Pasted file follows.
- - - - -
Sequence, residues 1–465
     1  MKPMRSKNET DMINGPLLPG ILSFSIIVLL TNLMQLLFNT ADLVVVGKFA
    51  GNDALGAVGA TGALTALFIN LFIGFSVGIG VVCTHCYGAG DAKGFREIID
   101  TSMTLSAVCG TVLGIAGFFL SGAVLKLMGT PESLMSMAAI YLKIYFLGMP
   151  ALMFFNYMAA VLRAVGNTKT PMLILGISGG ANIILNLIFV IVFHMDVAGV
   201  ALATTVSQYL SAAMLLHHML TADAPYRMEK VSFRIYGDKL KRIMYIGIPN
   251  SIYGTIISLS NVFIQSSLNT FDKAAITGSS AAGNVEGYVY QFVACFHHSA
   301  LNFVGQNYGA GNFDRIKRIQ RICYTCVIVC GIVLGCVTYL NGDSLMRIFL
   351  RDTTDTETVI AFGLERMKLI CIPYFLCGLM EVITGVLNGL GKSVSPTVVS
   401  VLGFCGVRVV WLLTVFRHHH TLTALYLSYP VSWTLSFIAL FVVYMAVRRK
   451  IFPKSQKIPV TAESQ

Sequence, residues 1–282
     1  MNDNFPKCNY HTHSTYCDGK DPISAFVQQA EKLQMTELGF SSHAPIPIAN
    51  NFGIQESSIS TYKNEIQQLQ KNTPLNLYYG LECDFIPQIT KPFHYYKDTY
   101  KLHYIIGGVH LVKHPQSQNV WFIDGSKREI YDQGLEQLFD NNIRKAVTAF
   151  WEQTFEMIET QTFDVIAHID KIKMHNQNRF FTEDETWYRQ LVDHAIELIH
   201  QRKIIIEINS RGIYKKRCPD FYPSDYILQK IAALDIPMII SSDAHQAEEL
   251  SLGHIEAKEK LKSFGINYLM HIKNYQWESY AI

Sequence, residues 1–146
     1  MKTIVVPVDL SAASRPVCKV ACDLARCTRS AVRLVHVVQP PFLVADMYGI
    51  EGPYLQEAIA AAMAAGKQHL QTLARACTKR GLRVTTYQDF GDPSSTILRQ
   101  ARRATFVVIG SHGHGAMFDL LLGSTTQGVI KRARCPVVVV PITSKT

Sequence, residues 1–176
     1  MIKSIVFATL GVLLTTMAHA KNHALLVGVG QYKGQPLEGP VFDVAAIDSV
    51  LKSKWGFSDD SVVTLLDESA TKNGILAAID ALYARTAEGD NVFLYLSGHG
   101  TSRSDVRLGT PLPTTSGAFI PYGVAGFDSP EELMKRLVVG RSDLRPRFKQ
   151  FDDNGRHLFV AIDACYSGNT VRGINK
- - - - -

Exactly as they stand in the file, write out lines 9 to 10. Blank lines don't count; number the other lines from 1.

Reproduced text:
   351  RDTTDTETVI AFGLERMKLI CIPYFLCGLM EVITGVLNGL GKSVSPTVVS
   401  VLGFCGVRVV WLLTVFRHHH TLTALYLSYP VSWTLSFIAL FVVYMAVRRK